- Metadata searches. The search engine uses metadata to find the files you need. With documents, that could be things like when they were created, who created them, etc. With emails, it could be when they were sent, when they were opened, and who opened them.
Looking for eDiscovery software that makes searching easy? Try GoldFynch.
- It costs just $25 a month for a 3 GB case: That’s significantly less – every month – than the nearest comparable software. And hundreds of dollars less than many others. With GoldFynch, you know what you’re paying for exactly – its pricing is simple and readily available on the website.
- It’s easy to budget for. GoldFynch has a flat, prorated rate. With legacy software, your bill changes depending on how much data you use.
- It takes just minutes to get going. It runs in the Cloud, so you use it through your web browser (Google Chrome recommended). No installation. No sales calls or emails. Plus, you get a free, fully-functional trial case (0.5 GB of data and a processing cap of 1 GB), without adding a credit card.
- It can handle even the largest cases. GoldFynch scales from small to large, since it’s in the Cloud. So, choose from a range of case sizes (3 GB to 150 GB, and more) and don’t waste money on space you don’t need.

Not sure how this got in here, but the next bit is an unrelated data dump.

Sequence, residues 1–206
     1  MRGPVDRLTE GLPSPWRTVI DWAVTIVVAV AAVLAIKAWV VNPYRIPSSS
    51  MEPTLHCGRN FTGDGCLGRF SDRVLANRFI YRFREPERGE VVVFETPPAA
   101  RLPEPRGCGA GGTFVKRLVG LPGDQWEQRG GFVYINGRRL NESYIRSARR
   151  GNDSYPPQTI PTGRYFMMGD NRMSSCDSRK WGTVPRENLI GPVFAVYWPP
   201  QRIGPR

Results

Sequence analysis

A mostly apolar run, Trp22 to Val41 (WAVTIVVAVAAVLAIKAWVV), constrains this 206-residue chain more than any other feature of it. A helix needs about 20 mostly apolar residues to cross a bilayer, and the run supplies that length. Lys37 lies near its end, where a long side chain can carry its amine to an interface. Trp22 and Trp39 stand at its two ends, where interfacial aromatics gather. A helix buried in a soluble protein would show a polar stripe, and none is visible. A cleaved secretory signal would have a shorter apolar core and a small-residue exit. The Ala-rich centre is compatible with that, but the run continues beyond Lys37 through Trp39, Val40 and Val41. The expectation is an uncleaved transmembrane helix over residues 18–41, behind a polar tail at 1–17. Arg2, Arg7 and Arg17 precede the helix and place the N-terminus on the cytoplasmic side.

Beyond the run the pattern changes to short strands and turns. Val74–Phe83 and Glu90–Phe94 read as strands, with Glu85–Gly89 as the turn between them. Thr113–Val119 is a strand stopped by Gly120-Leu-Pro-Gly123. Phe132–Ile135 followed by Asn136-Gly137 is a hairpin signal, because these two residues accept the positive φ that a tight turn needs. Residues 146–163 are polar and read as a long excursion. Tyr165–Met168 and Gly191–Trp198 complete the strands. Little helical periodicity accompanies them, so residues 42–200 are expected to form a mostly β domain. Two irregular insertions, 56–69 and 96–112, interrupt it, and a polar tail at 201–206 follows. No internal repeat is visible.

- You can access it from anywhere. And 24/7. All your files are backed up and secure in the Cloud. And you can monitor its servers here.
- You won’t have to worry about technical stuff. It’s designed, developed, and run by the same team. So, its technical support isn’t outsourced. Which means you get prompt and reliable service.
Want to learn more about GoldFynch?
For related posts about eDiscovery, check out the following links.
- 6 Questions to Evaluate Your eDiscovery Vendor for Your Small Law Firm
- eDiscovery: ‘What You Want’ Vs. ‘What You Need’ for Your Small Law Firm
- 7 Easy eDiscovery Fixes to Save Money for Your Small Law Firm
- [Uncovered] eDiscovery Myth: Small Law Firms Can’t Handle Large Cases [over 100 GB]
- ‘Drag-and-Drop’ eDiscovery: The Astonishingly Simple Way For Your Small Law Firm to Do eDiscovery
- How to Find Out When a Document Or Web Page Was Created